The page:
Tag Archives: Customer Experience

The Perils of Over-thinking

To demonstrate how over-thinking can produce results that are the opposite of stated goals, here’s a little over-thinking on the topic of touch-free paper towel dispensers.

There are two main goals associated with touch-free towel dispensers in public restrooms:

  • Dispense a pre-defined quantity of paper towel, minimizing paper use.
  • Allow patrons to get their towels without coming in contact with someone else’s germs.

Simple, right?  Well, not so fast.

How much paper does a patron need to achieve proper hand drying?  If we use inches of dispensed paper as the measure, is three inches of paper enough?  Six?  Twelve?  What’s too much?  If the goal is to minimize waste, one could set the dispenser to only three inches.  Theoretically, this would minimize paper use.  But, if it’s not enough, the patron will stand there and dispense another three inches.  Possibly, another six inches.

To get the additional inches of paper towel necessary to achieve proper drying, the patron must wait for the machine to cycle.  This second-and-a-half cycle time can seem like an eternity.  After all, we’ve all got other things to do with our time.  The patron vigorously swipes their hand under the machine.  After one or two wand-like swipes that yield no additional paper, they often resort to hitting the machine where the sensor should be.  Oops, there goes that goal of not touching someone else’s germs.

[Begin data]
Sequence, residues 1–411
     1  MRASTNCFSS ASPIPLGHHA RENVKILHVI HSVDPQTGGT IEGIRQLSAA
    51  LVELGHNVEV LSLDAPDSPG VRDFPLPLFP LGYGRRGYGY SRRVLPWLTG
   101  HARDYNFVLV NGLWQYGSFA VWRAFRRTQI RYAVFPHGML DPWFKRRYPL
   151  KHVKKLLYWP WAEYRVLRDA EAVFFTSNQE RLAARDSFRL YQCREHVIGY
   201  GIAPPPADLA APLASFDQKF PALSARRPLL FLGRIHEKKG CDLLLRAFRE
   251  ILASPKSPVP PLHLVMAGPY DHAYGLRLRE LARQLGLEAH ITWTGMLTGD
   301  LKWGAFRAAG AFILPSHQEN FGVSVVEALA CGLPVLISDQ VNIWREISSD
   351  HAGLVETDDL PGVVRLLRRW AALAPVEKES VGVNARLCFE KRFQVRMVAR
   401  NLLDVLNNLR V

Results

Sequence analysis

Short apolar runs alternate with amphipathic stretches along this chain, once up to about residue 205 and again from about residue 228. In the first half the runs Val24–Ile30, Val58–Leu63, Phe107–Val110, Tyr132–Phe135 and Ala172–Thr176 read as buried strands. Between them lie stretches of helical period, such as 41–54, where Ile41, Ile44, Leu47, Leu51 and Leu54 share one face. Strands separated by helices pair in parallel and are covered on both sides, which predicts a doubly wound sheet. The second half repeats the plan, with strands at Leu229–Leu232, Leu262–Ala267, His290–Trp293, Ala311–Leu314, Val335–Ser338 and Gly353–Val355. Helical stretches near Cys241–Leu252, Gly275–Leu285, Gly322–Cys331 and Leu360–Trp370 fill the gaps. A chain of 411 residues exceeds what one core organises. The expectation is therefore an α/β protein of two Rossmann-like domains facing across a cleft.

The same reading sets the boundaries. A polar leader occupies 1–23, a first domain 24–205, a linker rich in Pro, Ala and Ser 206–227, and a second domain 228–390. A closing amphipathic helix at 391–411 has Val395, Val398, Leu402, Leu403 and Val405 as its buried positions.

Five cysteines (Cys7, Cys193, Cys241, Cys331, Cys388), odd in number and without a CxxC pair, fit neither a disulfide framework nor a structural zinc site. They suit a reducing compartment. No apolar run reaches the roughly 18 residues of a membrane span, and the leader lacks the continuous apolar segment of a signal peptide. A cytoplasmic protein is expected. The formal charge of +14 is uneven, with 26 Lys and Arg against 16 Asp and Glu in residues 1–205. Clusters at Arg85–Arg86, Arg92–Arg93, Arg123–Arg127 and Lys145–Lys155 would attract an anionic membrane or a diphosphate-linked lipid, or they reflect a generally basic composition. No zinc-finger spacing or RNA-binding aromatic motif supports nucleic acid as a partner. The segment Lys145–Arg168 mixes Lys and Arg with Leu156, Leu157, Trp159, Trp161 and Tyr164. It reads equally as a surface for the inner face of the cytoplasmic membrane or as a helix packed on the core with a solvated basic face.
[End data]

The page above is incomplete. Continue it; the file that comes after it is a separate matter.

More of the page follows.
Which setting will yield the least overall paper use (our first goal)?  The first-level thinker would say the lowest setting will do the trick.  But, we’ve established that the lowest setting is probably not enough. The patron will merely wait for at least one more cycle to get the paper they need.

The second-level thinker would say that dispensing more from the beginning will yield less overall paper use and waste.  If the proper amount is dispensed from the beginning, the patron will be less likely to wait for another cycle.  Don’t even get me started on battery use differences associated with the two options.

Why does any of this matter?  Why think so deeply about touch-free towel dispensers?

To illustrate how easy it is to get wrapped up in meaningless minutia and forget about providing the patron (our customer) with an excellent experience.  How much minutia are you focusing on while ignoring your customer’s experience?

The Last Mile

The last mile describes the final leg of a telecommunications network.  It’s the part that actually reaches the end customer.  It’s often the most difficult and uncontrollable link in the network.  This is where most of the bottlenecks occur.  The simplest of networking processes can be complicated by the wiring and equipment in the customer’s home.

Telecommunication networks exist to serve end customers.  Without the end customer, there’d be no one to pay the bill, or finance the network’s creation and maintenance.  The telecommunication provider has a tremendous amount of control over everything in their network…except the last mile, where the end customer is.

The customer’s experience comes from the last mile.  They don’t need to know or understand the engineering and infrastructure that goes into operating the massive network.  They don’t care about the traditions and history of the telecommunications provider.  They only care about the cost, speed, and ease of use they experience in their home.

The same is true for nearly any business.  The last mile drives the story your customers will tell.  How much attention are you paying to the last mile?